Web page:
A bloody big instrument that is allegedly played almost exclusively by rather heavy males.

Not so, not by a long shot.

I, myself, am a tuba player, and happen to be quite skinny. When I was in the Purdue Marching Band, there were around 32 tubists in it. About half of us were quite skinny. Most of the rest were of average size, athletic. Only 5 or 6 of the whole bunch were of the 'traditional' frame for tuba players. Oh, and we had one girl. She was of normal size for a girl, and normal... ah... distribution, as well. She was very sporting about the whole thing.

Just because you're big doesn't mean you can play a big instrument well. In high school, I was the only tuba player in the band for all four years. You learn to play rather unabashedly. When I got to the college band, and had 30 section mates, I was still making myself heard very clearly. I had good tone, as well. Played in the Symphonic Band next semester. Yay for me.

Of course, the look of it is a bit off. And a skinny man with a sousaphone on his shoulder is rather top-heavy, tends to tip over a lot if he's not careful. Take my word on this.

The key to not falling down is to not start falling in the first place. If you start falling down, and you have 35-45 pounds of expensive brass on your shoulder, SAVE THE TUBA. The doctor bills will be much less than getting the dents pounded out. Count on throwing yourself under the damned thing to cushion it's fall.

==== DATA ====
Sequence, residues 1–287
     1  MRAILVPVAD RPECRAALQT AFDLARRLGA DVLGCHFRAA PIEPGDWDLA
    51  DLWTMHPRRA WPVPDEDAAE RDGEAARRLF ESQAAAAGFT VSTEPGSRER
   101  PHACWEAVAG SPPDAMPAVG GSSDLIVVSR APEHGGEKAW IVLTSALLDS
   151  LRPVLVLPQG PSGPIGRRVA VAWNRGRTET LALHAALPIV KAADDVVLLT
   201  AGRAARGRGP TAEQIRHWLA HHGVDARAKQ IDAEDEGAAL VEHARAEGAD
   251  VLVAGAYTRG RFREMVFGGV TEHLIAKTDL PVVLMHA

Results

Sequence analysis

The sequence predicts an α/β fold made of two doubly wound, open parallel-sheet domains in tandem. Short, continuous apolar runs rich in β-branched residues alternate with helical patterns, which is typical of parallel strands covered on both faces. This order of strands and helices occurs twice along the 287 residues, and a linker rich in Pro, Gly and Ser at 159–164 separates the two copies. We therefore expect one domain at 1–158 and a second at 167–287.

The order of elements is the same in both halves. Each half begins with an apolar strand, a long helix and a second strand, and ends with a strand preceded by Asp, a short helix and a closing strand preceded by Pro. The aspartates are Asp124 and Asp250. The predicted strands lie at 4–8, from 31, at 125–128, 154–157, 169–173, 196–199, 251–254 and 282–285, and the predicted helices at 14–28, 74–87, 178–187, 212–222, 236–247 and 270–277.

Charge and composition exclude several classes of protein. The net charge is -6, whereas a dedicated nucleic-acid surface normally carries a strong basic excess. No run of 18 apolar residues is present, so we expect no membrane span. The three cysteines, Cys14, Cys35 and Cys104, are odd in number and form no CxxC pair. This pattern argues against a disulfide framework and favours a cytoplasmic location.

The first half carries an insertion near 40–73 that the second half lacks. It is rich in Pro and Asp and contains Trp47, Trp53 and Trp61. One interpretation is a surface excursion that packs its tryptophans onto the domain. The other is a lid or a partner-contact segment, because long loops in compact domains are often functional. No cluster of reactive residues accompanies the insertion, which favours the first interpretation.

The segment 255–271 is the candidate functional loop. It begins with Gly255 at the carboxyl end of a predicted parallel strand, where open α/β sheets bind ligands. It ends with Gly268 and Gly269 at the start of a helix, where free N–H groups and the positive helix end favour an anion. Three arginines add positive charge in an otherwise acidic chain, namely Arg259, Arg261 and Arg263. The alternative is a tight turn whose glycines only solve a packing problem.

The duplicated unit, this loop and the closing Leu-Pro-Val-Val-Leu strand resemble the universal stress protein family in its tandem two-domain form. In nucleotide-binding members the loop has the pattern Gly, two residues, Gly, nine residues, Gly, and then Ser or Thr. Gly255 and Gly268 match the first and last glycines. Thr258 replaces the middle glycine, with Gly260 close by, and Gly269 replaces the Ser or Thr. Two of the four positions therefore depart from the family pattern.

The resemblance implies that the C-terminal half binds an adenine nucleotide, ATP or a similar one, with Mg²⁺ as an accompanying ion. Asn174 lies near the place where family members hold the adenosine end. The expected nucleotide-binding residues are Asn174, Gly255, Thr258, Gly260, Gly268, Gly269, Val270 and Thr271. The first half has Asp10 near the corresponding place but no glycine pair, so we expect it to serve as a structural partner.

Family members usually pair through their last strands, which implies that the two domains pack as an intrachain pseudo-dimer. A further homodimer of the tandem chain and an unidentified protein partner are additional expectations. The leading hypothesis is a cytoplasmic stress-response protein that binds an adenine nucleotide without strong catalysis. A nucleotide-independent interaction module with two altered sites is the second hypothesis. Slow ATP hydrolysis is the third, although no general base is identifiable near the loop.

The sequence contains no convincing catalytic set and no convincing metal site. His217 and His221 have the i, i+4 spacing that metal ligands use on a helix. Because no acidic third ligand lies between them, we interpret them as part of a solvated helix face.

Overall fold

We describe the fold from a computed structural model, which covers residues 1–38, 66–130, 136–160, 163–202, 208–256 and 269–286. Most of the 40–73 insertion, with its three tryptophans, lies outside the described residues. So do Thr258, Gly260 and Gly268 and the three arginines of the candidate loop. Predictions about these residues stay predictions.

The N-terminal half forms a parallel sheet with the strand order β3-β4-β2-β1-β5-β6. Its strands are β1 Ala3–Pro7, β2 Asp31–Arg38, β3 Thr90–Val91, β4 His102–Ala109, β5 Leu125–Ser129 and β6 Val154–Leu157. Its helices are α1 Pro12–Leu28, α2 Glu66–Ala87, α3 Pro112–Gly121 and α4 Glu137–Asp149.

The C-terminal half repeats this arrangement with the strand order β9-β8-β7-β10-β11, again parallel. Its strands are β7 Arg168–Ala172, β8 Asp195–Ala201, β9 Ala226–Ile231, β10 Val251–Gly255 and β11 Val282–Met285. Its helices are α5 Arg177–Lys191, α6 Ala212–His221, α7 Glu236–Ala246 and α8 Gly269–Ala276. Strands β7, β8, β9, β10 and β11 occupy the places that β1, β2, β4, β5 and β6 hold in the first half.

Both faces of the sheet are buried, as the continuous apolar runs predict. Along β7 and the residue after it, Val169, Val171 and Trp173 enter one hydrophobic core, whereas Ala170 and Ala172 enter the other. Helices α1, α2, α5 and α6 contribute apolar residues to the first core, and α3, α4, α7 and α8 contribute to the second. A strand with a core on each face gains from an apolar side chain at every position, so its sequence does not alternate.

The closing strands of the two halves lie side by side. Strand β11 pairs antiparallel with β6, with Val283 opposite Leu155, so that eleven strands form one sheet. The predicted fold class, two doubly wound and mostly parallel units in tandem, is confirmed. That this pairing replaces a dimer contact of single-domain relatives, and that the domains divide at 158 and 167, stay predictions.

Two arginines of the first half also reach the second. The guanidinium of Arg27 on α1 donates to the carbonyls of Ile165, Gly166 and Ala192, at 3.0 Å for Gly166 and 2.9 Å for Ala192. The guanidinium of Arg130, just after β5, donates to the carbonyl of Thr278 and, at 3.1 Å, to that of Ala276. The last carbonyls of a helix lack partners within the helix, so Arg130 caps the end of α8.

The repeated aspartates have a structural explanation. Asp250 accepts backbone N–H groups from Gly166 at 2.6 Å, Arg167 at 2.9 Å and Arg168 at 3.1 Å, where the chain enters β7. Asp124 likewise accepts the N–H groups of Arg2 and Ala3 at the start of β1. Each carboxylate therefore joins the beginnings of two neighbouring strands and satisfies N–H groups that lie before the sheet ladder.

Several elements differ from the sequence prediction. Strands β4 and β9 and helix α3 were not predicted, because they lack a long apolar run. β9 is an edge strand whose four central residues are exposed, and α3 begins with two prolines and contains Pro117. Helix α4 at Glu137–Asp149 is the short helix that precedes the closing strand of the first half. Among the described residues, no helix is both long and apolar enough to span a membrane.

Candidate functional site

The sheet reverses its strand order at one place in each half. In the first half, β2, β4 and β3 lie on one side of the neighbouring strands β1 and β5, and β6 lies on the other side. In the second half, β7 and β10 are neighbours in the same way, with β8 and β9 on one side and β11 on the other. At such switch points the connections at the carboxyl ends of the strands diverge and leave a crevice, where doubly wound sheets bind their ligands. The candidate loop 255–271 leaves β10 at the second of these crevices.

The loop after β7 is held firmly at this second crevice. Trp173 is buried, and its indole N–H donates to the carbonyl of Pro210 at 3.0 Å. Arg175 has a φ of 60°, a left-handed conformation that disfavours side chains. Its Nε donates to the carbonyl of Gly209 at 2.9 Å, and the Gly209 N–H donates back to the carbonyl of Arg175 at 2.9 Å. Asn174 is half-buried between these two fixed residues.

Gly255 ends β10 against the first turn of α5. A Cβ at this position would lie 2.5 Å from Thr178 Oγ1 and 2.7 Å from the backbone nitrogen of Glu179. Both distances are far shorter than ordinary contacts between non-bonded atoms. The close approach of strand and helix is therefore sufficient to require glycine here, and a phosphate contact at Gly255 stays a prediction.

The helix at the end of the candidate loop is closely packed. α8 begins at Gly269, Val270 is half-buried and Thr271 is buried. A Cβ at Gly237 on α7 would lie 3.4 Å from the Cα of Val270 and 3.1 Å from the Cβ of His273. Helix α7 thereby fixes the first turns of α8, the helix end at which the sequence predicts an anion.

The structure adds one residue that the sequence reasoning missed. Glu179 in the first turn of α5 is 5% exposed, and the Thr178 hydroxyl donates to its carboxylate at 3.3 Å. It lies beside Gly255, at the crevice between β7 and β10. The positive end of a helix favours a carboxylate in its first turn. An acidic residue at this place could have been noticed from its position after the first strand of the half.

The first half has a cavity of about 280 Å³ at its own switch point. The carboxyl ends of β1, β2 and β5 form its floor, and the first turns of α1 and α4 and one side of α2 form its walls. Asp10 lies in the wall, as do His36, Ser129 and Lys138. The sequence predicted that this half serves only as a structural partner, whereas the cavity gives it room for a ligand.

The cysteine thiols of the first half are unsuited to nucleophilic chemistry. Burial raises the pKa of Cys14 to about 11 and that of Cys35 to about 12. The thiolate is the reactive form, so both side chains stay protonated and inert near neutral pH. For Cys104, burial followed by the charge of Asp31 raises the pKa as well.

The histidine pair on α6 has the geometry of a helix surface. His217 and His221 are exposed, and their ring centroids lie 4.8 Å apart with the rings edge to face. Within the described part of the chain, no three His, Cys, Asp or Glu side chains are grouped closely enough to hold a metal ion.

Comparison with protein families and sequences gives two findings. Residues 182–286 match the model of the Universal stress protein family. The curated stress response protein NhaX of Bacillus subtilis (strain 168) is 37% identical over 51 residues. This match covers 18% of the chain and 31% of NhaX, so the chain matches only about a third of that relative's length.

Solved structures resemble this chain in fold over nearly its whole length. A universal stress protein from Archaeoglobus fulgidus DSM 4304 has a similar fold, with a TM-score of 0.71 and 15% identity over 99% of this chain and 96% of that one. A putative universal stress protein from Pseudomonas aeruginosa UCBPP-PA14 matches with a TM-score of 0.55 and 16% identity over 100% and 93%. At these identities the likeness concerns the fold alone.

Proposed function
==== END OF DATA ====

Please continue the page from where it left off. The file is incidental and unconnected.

Along this same vein, it is possible to shine the bell of a sousaphone to a high, mirror-like gloss. It can then be used to see behind you for occasions when your psychotic director wants you to march backwards. This will prevent much tripping over drums, slipping in mud, and damage to the all-important instrument.

A side note: sit-down tubists are more prone to be on the large side compared to marching tubists. The causes here should be fairly obvious.

Playing a tuba in freezing weather is an especially risky behavior. It's not good for any brass instrument, but tubists have it worst because there's more metal to freeze to. I froze to my mouthpiece once, in a competition, and ended up having to get a cup of coffee to thaw the damned thing off of my lips. Horrible experience, wouldn't recommend it.

Tubas are expensive, heavy, and generally have the most boring parts in the score. This is exactly why we are fiercely proud. We are also, apparently, prone to writing sprawling, meandering write-ups. Ah, well, such is life.

The tuba family of instruments contains all types of tubas, including B flat (Bb), F, Double B flat (BBb), C, E, and many others, plus the Euphonium and its ancestors, not to mention the serpent. beginning tuba students usually find they have boring oompah, parts, but when they get to the higher levels, such as a grade 5 or grade 6, they get beautiful melodies. The piccolo solo from Stars and Stripes Forever has been succesfully transopsed and played on tubas. Quite an interesting sound. Even more interesting is the sound from a large tuba ensemble such as Tubachristmas, with anywhere from 4 to 200+ tubas playing, it is a sight (sound?) to behold.

Tu"ba (?), n. [L., trumpet.] Mus. (a)

An ancient trumpet.

(b)

A sax-tuba. See Sax-tuba.

 

© Webster 1913.

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